- an act or instance of circulating, moving in a circle or circuit, or flowing.
- the continuous movement of blood through the heart and blood vessels, which is maintained chiefly by the action of the heart, and by which nutrients, oxygen, and internal secretions are carried to and wastes are carried from the body tissues.
- any similar circuit, passage, or flow, as of the sap in plants or air currents in a room.
- the transmission or passage of anything from place to place or person to person: the circulation of a rumor; the circulation of money.
- the distribution of copies of a periodical among readers.
- the number of copies of each issue of a newspaper, magazine, etc., distributed.
- coins, notes, bills, etc., in use as money; currency.
- Library Science.
- the lending of library books and other materials.
- the number of books and materials that a library has lent.
- the processes connected with providing for the use of library materials, including reserve operations, recall, and record-keeping.
- Hydraulics. a quantity analogous to work and equal to the line integral of the component of fluid velocity about a closed contour.
- in circulation, participating actively in social or business life: After a month in the hospital, he's back in circulation.
Origin of circulation
Related Words for circulationcurrency, dissemination, flow, transmission, spread, apportionment, wheel, current, revolution, whirl, twirl, motion, turn, gyre, circuit, flowing, gyration, rotation, circumvolution, round
Examples from the Web for circulation
Contemporary Examples of circulation
The Vatican says it is doing everything it can to take pedophile priests out of circulation.How Sicko Priests Got Away With It
Barbie Latza Nadeau
November 16, 2014
By 1991, The Source had become the industry bible, building a circulation of 40,000, with nearly $1 million in total revenue.It Was All a Dream: Drama, Bullshit, and the Rebirth of The Source Magazine
October 14, 2014
The circulation boys fell on our paper with exultant gurgles, and the next night we lifted the press run by 10,000 copies.
It would come through to Camden Station, Baltimore, without stop, and we could have our circulation hustlers waiting for it there.
Our circulation hustlers had no difficulty in getting rid of them.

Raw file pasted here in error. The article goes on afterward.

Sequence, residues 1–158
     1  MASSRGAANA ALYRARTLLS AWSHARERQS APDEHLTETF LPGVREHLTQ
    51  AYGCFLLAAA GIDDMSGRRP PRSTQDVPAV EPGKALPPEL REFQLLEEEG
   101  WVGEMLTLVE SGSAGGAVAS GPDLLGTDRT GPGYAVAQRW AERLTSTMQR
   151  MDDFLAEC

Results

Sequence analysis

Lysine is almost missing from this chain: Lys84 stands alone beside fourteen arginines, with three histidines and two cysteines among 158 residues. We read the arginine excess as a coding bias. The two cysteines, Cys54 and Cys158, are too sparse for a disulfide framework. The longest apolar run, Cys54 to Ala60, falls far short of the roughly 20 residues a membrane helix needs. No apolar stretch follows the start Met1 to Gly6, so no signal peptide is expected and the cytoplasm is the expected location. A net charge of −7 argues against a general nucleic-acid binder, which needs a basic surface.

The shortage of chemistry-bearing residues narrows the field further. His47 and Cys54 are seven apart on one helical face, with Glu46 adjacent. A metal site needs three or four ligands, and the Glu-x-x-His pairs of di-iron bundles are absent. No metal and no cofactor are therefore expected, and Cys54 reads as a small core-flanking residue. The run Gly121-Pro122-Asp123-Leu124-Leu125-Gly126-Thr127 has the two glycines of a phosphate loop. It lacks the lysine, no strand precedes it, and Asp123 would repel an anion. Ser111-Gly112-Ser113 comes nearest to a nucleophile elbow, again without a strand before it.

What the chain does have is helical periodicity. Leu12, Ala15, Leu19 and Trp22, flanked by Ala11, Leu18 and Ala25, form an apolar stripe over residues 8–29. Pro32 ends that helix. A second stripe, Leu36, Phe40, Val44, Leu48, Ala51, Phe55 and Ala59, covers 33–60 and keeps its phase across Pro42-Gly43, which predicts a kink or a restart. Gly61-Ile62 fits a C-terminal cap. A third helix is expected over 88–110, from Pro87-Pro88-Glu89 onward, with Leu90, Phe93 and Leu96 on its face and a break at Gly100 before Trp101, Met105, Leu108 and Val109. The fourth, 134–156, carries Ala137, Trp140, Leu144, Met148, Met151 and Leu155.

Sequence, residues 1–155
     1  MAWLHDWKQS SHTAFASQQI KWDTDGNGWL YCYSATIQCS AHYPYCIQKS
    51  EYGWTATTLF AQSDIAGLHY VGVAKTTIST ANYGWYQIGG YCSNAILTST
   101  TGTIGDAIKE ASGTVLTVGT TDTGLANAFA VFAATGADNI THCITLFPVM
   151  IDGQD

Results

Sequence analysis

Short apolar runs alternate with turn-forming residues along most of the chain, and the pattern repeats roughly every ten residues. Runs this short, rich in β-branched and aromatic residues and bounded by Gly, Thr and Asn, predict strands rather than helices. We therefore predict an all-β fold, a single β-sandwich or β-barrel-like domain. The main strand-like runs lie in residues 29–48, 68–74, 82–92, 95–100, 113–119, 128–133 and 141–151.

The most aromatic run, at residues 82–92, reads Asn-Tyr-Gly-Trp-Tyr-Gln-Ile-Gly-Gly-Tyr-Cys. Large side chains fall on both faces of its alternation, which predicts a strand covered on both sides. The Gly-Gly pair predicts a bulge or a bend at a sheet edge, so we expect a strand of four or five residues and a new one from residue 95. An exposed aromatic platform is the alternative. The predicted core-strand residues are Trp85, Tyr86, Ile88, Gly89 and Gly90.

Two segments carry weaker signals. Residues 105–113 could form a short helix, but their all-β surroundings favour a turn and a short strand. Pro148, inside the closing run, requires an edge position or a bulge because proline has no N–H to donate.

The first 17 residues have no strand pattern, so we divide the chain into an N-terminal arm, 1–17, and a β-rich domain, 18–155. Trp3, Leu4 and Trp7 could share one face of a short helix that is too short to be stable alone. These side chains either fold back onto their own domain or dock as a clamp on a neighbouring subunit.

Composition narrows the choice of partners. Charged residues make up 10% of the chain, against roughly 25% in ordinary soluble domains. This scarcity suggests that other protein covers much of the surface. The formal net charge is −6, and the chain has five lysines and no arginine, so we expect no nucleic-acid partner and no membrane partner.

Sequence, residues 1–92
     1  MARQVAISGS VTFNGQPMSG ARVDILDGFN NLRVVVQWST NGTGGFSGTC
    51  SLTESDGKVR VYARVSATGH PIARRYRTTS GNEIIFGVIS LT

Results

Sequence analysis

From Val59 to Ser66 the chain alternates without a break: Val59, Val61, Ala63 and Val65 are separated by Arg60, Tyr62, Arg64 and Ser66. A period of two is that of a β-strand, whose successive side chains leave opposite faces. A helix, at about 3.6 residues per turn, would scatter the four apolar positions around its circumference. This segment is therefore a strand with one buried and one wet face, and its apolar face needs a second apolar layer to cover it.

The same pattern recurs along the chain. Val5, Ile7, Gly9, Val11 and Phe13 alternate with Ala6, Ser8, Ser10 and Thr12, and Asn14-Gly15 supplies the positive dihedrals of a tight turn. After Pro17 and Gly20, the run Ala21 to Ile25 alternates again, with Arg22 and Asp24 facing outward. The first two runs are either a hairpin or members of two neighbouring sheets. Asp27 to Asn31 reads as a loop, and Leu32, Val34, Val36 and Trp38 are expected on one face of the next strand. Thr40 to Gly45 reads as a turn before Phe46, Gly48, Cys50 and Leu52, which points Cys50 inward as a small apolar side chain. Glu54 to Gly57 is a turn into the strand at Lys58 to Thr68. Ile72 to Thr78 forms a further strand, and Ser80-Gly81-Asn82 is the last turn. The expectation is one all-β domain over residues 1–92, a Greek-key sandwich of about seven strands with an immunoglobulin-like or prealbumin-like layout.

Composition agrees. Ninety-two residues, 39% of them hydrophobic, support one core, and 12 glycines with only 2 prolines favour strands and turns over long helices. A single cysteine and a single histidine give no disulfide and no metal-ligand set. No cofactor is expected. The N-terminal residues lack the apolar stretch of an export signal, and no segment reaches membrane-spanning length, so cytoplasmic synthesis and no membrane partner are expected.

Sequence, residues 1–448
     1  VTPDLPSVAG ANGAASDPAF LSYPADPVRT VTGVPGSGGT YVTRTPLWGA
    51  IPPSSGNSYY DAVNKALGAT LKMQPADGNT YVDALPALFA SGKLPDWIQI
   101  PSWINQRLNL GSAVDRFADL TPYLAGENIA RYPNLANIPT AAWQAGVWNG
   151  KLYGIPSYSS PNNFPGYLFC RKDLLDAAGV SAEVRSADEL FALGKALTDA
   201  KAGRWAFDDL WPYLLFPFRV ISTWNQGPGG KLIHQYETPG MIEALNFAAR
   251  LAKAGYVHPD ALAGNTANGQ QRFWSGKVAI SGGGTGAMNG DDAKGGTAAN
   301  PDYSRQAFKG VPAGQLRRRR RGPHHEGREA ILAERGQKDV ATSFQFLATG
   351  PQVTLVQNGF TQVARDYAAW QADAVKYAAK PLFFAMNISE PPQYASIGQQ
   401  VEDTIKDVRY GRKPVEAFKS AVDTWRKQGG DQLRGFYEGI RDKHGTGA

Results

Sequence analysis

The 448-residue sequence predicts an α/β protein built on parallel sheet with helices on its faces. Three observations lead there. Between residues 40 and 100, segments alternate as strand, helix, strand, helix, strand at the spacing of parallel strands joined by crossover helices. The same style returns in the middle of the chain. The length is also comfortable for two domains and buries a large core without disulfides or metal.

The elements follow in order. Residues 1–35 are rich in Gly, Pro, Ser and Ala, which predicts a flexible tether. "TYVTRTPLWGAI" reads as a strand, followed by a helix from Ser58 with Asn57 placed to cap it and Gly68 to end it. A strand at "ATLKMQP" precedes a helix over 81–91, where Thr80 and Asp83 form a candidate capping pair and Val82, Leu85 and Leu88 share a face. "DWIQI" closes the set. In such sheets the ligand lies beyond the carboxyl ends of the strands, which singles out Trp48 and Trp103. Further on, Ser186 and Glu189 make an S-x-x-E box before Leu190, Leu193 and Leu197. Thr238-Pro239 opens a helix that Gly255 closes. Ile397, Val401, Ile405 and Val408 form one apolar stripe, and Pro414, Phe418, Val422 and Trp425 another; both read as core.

Historical Examples of circulation
Now we have no longer barriers to the circulation of the blood of States.Alice, or The Mysteries, Complete
It is my belief that our present circulation will be increased forty per cent.The Gentleman From Indiana
He rubbed his arms and legs to restore the circulation, and started to leave the building.Frank Roscoe's Secret
They have a tremendous circulation, it is true, but it is not the kind of circulation we have.A Woman Intervenes
By-and-by we got out and kicked trees to start the circulation.The Forest
Stewart Edward White
- the transport of oxygenated blood through the arteries to the capillaries, where it nourishes the tissues, and the return of oxygen-depleted blood through the veins to the heart, where the cycle is renewed
- the flow of sap through a plant
- any movement through a closed circuit
- the spreading or transmission of something to a wider group of people or area
- (of air and water) free movement within an area or volume
- the distribution of newspapers, magazines, etc
- the number of copies of an issue of such a publication that are distributed
- library science
- a book loan, as from a library lending department
- each loan transaction of a particular book
- the total issue of library books over a specified period
- a rare term for circulating medium
- in circulation
- (of currency) serving as a medium of exchange
- (of people) active in a social or business context
mid-15c., from Middle French circulation or directly from Latin circulationem (nominative circulatio), noun of action from past participle stem of circulare "to form a circle," from circulus "small ring" (see circle (n.)). Used of blood first by William Harvey, 1620s.
- Movement in a circle or circuit, especially the movement of blood through bodily vessels as a result of the heart's pumping action.
- The flow of fluid, especially blood, through the tissues of an organism to allow for the transport and exchange of blood gases, nutrients, and waste products. In vertebrates, the circulation of blood to the tissues and back to the heart is caused by the pumping action of the heart. Oxygen-rich blood is carried away from the heart by the arteries, and oxygen-poor blood is returned to the heart by the veins. The circulation of lymph occurs in a separate system of vessels (the lymphatic system). Lymph is pumped back to the heart by the contraction of skeletal muscles.
see in circulation; out of circulation.